For publishing applications to the internet, you may use inbound (or internet ingress) solutions such as load balancing with Elastic Load Balancing, web application security with AWS WAF, Domain Name System (DNS) with Amazon Route 53, and content distribution at a local and global scale with Amazon CloudFront. Applications built on top of the HTTP protocol are commonly secured with AWS WAF, and scaled through Amazon CloudFront for content caching and acceleration. Container workloads also use Elastic Load Balancing, such as AWS Load Balancing Controller with Amazon EKS.
Applications migrated or built on AWS often require internet connectivity out of AWS (internet egress). As you transform your network on AWS, you increasingly use it as an internet egress point, isolating and inspecting outbound internet traffic flows for consistent security. One popular use case is when applications reach out to internet for API access or the latest software versions. Another use case is Amazon Workspaces, where cloud desktop users access websites on the internet. You may also prefer to host explicit forward proxy servers within AWS. We recommend exploring a centralized internet egress pattern, as deploying a separate internet egress solution in each VPC may become expensive. Additional costs are incurred for running NAT gateways or other ISV solutions from individual VPCs. You can also use this pattern to provide internet access to Transit Gateway attachments by setting up a default route toward egress VPC.
In the following diagram (figure 4), we show an internet connectivity architecture. Internet facing applications here are published through a combination of services, like Amazon Route 53, Amazon CloudFront and AWS WAF. The resources in VPCs access endpoints in internet via NAT gateways provisioned within that AWS Region.
Network Security: is important across all the use cases of Network Transformation. We encourage you to invest in learning network security in AWS.
Traditional AWS firewall techniques, such as the use of security groups and network access control lists, limit the attack surface for potential attackers and deny traffic to and from the source and destination of the attack. AWS Web Application Firewall provides deep packet inspection for web traffic and filters malicious traffic like XSS and SQL injection. AWS Shield Standard provides always-on network flow monitoring that inspects incoming traffic to AWS services. It applies a combination of traffic signatures and anomaly algorithms to provide inline attack mitigation techniques. This protects the underlying AWS services against commonly occurring infrastructure attacks with no additional cost. You can use AWS Shield Advanced, which provides extended DDoS attack protection at the edge of AWS network. You can tailor your detection based on application traffic patterns. Shield Advanced provides advanced attack mitigation, health based detection, and proactive event response–along with global availability and centralized protection management. With AWS Gateway Load Balancer, you can expose network security as a service, providing new ways to deliver Network Function Virtualization (NFV) solutions. Gateway Load Balancer natively provides high availability and handles scaling of third-party appliance fleets. The Amazon Route 53 Resolver DNS Firewall helps protect against DNS threats such as DNS exfiltration attempts. With AWS Network Firewall, you can achieve fine-grained network protections for all your VPC and ensure that traffic is inspected, monitored and logged. Network Firewall scales automatically with your network traffic and offers built in redundancies designed to provide high availability. You can also choose from a variety of third-party firewall appliances from AWS Marketplace to monitor and analyze network traffic, log files, access, or spot any traffic generated by malware. Another way to enhance the security of your applications is by encrypting its data while in transit using features like SSL/TLS and adding authentication between source and destination using mTLS and IAM roles. Finally, you can have a comprehensive view of your security state with AWS Security Hub, which helps you compare your AWS environment against security industry standards and best practices. Security Hub collects security data from across AWS accounts, services, and supported third party partner products. It helps you analyze your security trends and identify the highest priority security issues. Amazon GuardDuty integration with Security Hub surfaces the findings in the Security Hub. Security Hub uses those findings in its analysis of the overall security posture of your AWS environment.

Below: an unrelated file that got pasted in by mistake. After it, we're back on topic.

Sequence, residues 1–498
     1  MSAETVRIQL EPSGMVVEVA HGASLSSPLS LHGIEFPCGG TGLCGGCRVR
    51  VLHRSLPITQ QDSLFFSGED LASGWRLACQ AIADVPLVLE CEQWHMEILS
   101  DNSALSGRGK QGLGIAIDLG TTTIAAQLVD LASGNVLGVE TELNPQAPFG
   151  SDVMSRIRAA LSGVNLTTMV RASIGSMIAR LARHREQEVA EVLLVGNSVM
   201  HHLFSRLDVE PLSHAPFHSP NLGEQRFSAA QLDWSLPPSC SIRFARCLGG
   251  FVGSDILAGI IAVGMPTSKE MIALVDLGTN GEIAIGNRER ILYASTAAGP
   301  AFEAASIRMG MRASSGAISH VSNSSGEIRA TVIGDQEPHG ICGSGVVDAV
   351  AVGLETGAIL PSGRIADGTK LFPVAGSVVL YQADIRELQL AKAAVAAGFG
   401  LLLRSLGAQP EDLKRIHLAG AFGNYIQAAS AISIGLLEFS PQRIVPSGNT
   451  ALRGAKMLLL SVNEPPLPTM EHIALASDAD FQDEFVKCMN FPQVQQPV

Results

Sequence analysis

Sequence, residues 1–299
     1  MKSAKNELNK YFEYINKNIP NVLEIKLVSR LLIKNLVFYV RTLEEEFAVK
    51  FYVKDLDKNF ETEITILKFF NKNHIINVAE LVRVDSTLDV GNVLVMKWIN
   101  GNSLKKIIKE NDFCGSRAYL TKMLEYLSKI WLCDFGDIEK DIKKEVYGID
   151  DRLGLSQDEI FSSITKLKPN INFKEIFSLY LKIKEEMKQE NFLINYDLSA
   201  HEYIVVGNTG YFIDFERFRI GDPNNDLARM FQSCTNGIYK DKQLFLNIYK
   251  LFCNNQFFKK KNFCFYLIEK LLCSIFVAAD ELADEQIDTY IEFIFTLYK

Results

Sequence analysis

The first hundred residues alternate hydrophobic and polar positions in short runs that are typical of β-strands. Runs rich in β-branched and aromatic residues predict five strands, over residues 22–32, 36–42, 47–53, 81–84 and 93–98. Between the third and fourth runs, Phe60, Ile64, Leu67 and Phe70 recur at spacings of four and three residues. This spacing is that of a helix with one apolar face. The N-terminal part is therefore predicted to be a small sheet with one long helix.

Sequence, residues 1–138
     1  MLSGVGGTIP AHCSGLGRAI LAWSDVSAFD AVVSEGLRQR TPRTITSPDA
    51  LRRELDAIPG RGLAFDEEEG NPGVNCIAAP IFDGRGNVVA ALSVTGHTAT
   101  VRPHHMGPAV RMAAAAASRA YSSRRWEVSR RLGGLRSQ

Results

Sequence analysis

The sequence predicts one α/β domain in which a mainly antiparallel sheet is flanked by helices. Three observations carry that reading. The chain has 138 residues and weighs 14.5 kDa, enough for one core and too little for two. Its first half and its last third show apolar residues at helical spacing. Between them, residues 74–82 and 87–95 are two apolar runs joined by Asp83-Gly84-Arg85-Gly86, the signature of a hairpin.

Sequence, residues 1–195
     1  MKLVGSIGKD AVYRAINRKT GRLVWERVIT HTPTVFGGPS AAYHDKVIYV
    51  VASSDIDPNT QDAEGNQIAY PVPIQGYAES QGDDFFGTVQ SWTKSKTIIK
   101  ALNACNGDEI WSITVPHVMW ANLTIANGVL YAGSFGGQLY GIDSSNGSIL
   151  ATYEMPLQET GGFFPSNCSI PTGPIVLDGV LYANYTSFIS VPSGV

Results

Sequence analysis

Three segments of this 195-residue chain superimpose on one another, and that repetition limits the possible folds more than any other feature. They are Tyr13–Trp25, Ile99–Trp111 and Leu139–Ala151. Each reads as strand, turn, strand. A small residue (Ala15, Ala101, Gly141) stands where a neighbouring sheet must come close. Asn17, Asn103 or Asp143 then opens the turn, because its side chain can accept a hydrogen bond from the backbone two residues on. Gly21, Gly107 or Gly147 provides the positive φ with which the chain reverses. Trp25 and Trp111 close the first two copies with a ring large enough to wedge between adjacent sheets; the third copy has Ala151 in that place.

There are a lot of options that AWS offers to build a layered security and help you meet regulatory and compliance requirements, such as adopting NIST cyber security framework. As part of network transformation, we recommend you follow a defense in depth strategy to minimize risk and secure your applications. You can achieve this by following these principles: